Teaching mathmatics to low achievers in the primary school : strategies and visualisations to raise self-esteem and improve mathematical competencePendlington, Sandra January 2004 (has links)
No description available.
No description available.
The influence of the basic electronic calculator on the teaching and learning of mathematics in the 11-16 age rangeEdmonds, Paul G. January 1984 (has links)
The electronic calculator is now invariably the device used by people in employment and everyday life to deal with complicated and tedious calculations. The aim of this dissertation is to examine the effect it may have on the secondary school mathematics curriculum and, especially, to examine its potential as a powerful teaching aid which can be used to help pupils to acquire understanding of mathematical concepts. Chapter 1 investigates the contribution the basic calculator makes as a calculating aid which should cause the teacher to reassess the place of the standard pencil and paper algorithms in the curriculum. Some of the fears associated with this innovation are also discussed. The final section emphasises the importance of knowing the idiosyncrasies of different calculators. Chapter 2 suggests, in some detail, ways in which the teacher may use the calculator to enhance the understanding of certain topics such as fractions and place value. Applications of the calculator to everyday life problems, such as compound interest, are also included as well as the possibility of more interesting and enjoyable topics being introduced into the syllabus. New methods, such as iterative procedures, are discussed and the potential of the calculator as an aid to investigations is ascerted. Chapter 3 looks at the beneficial influence of the calculator on the mathematics curriculum generally and the possible effect on the mathematical content in particular with further suggestions following on from Chapter 2. Some contentious issues are considered and it is emphasised that more must be done to encourage the effective use of the calculator and not allow it to be overshadowed by its more 'glamorous' counterpart - the microcomputer.
Black, Robert J.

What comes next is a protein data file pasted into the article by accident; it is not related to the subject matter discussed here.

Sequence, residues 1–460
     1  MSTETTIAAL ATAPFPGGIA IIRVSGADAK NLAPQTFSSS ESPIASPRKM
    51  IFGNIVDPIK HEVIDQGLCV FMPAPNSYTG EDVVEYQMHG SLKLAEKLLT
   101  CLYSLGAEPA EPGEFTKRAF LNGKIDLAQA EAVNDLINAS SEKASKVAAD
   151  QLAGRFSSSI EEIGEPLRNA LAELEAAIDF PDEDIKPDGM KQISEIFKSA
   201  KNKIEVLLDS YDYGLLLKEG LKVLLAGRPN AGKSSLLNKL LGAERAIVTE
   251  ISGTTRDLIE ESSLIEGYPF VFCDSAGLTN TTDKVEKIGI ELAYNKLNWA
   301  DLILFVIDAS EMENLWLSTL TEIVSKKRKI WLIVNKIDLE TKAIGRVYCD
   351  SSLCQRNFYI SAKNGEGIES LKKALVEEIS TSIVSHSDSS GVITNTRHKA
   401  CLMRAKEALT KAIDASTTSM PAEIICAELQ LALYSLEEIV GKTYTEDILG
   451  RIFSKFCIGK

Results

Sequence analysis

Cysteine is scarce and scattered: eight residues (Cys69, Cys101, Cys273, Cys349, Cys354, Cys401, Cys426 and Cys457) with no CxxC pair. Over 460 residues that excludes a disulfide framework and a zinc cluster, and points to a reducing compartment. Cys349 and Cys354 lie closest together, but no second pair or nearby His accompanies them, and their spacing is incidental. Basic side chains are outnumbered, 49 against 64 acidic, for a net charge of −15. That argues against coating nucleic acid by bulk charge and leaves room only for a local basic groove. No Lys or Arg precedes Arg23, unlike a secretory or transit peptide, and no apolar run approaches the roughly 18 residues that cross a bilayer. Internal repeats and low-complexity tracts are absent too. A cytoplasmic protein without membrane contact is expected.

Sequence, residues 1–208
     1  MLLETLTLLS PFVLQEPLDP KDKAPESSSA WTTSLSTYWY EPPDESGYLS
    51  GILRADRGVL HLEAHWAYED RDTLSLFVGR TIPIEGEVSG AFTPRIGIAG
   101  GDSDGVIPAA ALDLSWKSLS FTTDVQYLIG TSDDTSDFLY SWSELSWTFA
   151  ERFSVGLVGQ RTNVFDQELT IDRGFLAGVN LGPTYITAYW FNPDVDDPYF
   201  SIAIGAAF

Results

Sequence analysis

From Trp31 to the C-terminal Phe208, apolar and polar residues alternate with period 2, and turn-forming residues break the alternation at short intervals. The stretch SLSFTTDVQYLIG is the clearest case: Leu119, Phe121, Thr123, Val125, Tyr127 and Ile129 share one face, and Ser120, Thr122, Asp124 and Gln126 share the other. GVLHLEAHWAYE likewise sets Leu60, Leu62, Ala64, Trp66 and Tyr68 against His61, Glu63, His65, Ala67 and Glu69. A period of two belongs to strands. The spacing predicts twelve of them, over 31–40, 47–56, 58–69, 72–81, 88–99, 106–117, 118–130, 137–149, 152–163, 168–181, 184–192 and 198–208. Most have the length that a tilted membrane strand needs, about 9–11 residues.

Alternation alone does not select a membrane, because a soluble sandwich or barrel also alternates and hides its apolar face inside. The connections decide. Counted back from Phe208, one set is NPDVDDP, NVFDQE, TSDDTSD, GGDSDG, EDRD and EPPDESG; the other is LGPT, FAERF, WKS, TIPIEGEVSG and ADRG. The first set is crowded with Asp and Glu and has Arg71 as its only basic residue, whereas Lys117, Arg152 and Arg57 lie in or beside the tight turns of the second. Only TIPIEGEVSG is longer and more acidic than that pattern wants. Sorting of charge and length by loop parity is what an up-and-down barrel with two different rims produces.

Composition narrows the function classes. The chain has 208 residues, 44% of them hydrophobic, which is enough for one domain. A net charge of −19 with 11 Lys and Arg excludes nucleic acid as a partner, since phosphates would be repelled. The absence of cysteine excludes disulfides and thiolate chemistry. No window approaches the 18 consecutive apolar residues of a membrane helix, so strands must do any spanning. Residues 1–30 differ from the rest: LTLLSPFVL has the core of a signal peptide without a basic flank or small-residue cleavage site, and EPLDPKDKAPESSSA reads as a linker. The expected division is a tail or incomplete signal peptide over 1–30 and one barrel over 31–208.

Since the publication of Mathematics Counts in 1982 there has been a growing interest in investigational work in the mathematics classroom. There have been many books published specifically on investigational work and the related topic of problem solving. Class texts have been pub1ished claiming to follow the suggestions of Mathematics Counts including investigationa1 work. The new examination at 16, the General Certificate of Secondary Education appears to be moving towards containing work of an investigationa1 nature. In the first chapter the nature of investigationa1 work is examined. Distinctions are drawn between problem solving and investigationa1 work. A list of characteristics of investigationa1 work is considered with a view to clarifying exactly what constitutes investigational work in mathematics. In the second chapter the role of investigational work is considered both in the curriculum as a whole and more specifically in the mathematics curriculum. Particular attention is paid to the aims and objectives of mathematics education as set out in Mathematics from 5 to 16. The third chapter considers how investigationa1 work can be introduced into the secondary school both in the short term and over a greater period of time. The next chapter examines how an investigationa1 approach is used in a recently published mathematics scheme, SMP 11 - 16. In chapter five the various roles that the micro-computer can play in investigationa1 work is examined by considering a number of computer programs. Finally the difficulties in assessment presented by investigationa1 work are compared with methods of assessment currently in practice. Several forms of assessment are suggested for investigationa1 work undertaken in timed examinations and also as coursework within the school.